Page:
About a year ago Pope Benedict issued Truth, Proclamation and Authenticity of Life in the Digital Age (on the feast of St. Francis de Sales in 2011). He recognized the possibility of building networks of relationships that strengthen our faith in the digital domain and encouraged integrity in our interactions there. That what existed in the virtual world was "an integral part of human life." Pope Benedict goes on to say, "The web is contributing to the development of new and more complex intellectual and spiritual horizons, new forms of shared awareness." That well characterizes The Ladies of the Book, in my opinion!
I had a small box on the page where I could suggest more resources - and I had to admit it was difficult to select just a half dozen places to showcase for an audience that includes all of Philadelphia's Catholics: young, old, veteran Tweeters and those still struggling with email. Father Z's WDTPRS and The Deacon's Bench are popular Catholic stops on the interwebs, but were not even on my short list. At their best both sites can be catechetical and informative on hot topics, but rarely does conversation at either spot rise toward something that sustains my faith, and at their worst, they can be an occasion of sin for me. The community at People for Others does a far better job of building up the Body of Christ, in my opinion. The people who come to comment do not always agree, but the topics posted there encourage a focus on our own practices — not on a critique of others' practices and faith — and help me dig deeply into how I find God, and how God find me. PFOers pray for each other, seek to build up each other's faith, and share their helpful perspectives.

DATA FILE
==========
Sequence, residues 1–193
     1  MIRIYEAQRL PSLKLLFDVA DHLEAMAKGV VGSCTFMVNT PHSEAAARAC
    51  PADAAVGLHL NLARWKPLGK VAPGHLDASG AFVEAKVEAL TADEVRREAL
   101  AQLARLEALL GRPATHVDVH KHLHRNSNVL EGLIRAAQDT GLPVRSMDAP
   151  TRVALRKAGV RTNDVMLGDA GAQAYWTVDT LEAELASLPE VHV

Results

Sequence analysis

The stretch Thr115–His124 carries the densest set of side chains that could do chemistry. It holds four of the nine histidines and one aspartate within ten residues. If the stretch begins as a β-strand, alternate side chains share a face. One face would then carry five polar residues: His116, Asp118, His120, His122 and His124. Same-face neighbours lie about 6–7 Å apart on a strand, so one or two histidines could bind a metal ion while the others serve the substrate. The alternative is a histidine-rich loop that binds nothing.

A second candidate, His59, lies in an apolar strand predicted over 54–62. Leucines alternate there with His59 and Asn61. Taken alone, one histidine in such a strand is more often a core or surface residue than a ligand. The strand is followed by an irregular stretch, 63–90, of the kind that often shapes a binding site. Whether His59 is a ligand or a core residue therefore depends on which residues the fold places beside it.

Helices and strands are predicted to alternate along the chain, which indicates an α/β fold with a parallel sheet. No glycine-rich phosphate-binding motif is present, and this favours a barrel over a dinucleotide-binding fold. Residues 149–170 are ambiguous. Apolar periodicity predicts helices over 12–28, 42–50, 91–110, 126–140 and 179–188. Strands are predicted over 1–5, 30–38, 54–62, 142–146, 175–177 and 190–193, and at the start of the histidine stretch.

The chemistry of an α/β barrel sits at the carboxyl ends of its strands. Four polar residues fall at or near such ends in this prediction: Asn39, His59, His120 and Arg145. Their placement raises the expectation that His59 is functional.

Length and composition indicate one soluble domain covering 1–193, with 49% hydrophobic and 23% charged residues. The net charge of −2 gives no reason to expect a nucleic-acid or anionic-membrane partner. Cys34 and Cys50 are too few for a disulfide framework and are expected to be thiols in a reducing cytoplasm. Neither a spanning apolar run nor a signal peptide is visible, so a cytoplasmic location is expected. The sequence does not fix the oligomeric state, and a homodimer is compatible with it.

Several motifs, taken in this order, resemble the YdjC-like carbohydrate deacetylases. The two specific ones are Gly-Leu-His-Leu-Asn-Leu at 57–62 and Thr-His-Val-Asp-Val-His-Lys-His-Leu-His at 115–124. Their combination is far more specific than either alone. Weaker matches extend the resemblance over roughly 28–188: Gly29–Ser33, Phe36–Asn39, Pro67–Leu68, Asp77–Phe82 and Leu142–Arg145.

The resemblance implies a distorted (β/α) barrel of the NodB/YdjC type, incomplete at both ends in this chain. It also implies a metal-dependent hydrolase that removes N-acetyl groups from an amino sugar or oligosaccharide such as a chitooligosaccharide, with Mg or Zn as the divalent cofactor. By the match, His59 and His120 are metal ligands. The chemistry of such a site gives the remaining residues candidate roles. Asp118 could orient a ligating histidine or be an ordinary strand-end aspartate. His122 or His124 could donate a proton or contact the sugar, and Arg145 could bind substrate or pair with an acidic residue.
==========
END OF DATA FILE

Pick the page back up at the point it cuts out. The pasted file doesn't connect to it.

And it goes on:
Herewith, my suggestions of places to visit where the Catholic faith is joyfully proclaimed and the faith of the Church is built up, not torn down. Where else would you send people to have their faith fed — Catholic or otherwise?
- Busted Halo, online magazine for young Catholics
- The Jesuit Post, compelling and edgy writing on faith by a group of young Jesuits
- People for Others, blogger Fr. Paul Campbell, S.J. hosts an ongoing conversation about finding God in all things
- @Virtual_Abbey, praying the Liturgy of the Hours on Twitter daily
"The Ladies of the Book meet virtually, hanging out online for an hour once a month talking about what we’ve read, our lives and God.
The dozen of us have never all met in person, and perhaps never will. Some of us know each other IRL (in real life), others met through our online blogs or on were introduced by mutual friends on Facebook. We are Catholics by birth and by conversion, evangelical Protestants and staid Presbyterians. We are grandmothers, mothers and daughters; students and teachers; lay women and ministers. And we live in five states scattered across three time zones. Despite our differences we share an abiding joy in our faith in God, a deep yearning to grow closer to God in prayer and a call to proclaim the Gospel abroad, whether that means teaching a religious education class, proclaiming the Scriptures in the liturgy — or writing a terrific post on Facebook.
'No speech, no word, no voice is heard, yet their span extends through all the earth, their words to the utmost bounds of the world.' proclaims Psalm 19. The ancient psalmist surely did not have the internet in mind, but every time I hear this psalm I think of the blogs I read that span the earth, the people whose voices I’ve never heard, but whose words of wisdom and hope have reached out across vast distances to speak of God’s glory."
Read the rest here...
Note: Robin (the unnamed Presbyterian) objected to being characterized as "staid", though I meant it in its older sense of steadfast — "know where you stand and stand there" — rather than sedate or unadventurous. I wish to state unconditionally (having met Robin incarnate as well as virtually), she is not sedate or unadventurous.